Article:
- What is missing: nothing that I can think of.
Einkorn by Carla Bartolucci:
- Why this book made this list: While I have been baking a lot with rye and spelt in the last decade or two, I have always been wanting to expand my repertoire. There is a good reason why so many people are sensitive to wheat and its gluten. Even though nobody in my family falls into that category, I always like to see if there is a healthier option. Einkorn definitely fits that bill but behaves so differently than wheat or spelt. I have not made very many of the 100 recipes from this book but every single one looks solid and easy to follow. The author seems to have been testing the recipes thoroughly so that readers can bake with einkorn successfully.
- What is missing: the irony is that the late author founded and ran the company Jovial that sells einkorn, einkorn flours, and einkorn products like pasta. However, there’s barely a mention and it would have been nice to see some links where to get einkorn products.
The Prairie Homestead Cookbook by Jill Winger:
- Why this book made the list: if you are a homesteader, real, urban, or aspiring you have probably heard of the blog and Youtube channel The Prairie Homestead and Jill Winger. Since she’s been a Wyoming homesteader for some 10 years, she really knows her game. Apparently, she can cook delicious dishes, too, which you can see in her 100+ recipes. However, this book is as much a lifestyle book as it is a cookbook. She has a whole chapter on ‘homesteading’, growing your food, keeping and raising animals and anything a beginner homesteader might like to know. Did I tell you that she is also a really witty, funny writer? I have often been chuckling to myself as I was reading this book over and over.
- What is missing: with the premise of the book, I can’t seen anything that is missing from it.
The New Wildcrafted Cuisine by Pascal Baudar:
- Why this book made this list: I have always loved to forage in our area. When I happened to see this book in a giftshop on a road trip last year, I knew that I needed to have this! And it did not disappoint! The chapters are organized by season and I was surprised by how many edibles you can find in the wild and what great things you can do with them. Not only does it have dozens of recipes, it also has stunning photography to wet your appetite! I know I will be returning to this book again and again!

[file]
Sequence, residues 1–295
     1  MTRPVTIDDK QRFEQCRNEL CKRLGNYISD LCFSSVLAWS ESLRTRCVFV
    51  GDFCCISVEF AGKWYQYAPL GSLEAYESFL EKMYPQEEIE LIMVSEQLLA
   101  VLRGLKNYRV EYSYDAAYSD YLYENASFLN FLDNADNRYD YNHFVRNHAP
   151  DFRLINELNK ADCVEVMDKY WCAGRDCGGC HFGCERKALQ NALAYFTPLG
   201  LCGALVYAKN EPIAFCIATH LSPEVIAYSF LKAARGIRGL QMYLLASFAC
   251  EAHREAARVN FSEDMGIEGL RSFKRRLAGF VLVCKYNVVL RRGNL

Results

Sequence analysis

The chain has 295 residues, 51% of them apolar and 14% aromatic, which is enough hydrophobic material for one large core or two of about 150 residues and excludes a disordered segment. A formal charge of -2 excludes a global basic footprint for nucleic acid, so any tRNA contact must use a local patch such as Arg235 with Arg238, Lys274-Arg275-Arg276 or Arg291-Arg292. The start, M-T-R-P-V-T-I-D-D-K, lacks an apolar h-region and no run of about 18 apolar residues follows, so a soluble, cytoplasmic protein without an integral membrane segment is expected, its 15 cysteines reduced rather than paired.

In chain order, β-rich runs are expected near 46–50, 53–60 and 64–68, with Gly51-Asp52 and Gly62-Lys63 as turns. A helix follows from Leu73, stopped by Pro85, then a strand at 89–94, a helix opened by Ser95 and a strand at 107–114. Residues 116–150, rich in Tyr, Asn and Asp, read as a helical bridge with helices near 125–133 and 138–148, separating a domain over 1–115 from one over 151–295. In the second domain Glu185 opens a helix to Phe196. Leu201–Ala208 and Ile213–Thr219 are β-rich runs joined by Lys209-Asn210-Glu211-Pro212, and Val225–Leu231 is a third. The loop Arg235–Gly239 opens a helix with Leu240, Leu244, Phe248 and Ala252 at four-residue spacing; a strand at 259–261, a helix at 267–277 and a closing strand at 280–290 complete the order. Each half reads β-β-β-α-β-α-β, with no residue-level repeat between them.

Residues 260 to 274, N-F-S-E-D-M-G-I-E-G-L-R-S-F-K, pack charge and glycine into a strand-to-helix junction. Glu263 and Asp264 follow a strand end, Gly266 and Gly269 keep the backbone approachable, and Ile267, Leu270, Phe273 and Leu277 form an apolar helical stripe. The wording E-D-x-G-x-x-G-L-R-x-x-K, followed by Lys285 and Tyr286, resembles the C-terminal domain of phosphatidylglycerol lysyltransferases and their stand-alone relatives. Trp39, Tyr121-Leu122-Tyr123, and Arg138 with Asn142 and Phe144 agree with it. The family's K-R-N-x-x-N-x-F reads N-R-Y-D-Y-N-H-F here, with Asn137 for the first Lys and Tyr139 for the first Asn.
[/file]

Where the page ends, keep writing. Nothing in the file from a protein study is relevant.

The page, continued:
- What is missing: it seems that the author lives in Southern California. We live in Northern California so still the same state. However, there are some ingredients that I think only grow in Southern California. Therefore, I wish he had included something about where exactly to find those wild plants.
Simply Living Well by Julia Watkins:
- Why this book made the list: not strictly a cookbook but a lifestyle book, I think this fits right in with the homesteading theme. The subtitle is “a guide to creating a natural, low-waste home” and that sums it up quite well. Regardless, this book contains a lot of recipes in the chapters about the low-waste kitchen and the kitchen garden. Aside from that, it is such an inspiring read chock full of practical tips for this (urban) homesteading lifestyle. It is definitely a keeper!
- What is missing: I think this book is perfect as it is!
The New Homemade Kitchen by Joseph Shuldiner:
- Why this book made the list: the subtitle “250 recipes and ideas for reinventing the art of preserving, canning, fermenting, dehydrating, and more” says it all. While it doesn’t necessarily target this audience, it is perfect for the homesteader and anyone wanting to learn how to make anything and everything in the kitchen. From condiments to sauerkraut, fermented vegetables and dairy, sourdough, homemade bacon, cakes and more, it contains over 250 easy to follow recipes.
- What is missing: while this book is full of information and graphics, I wish it had more photos so that one can see what the final recipe will look like.
Other posts you might enjoy:
Let me know any good homestead kitchen books I might have missed for this list!
Do you have any other homestead kitchen books that you think should have made this list? Let me know in the comments below!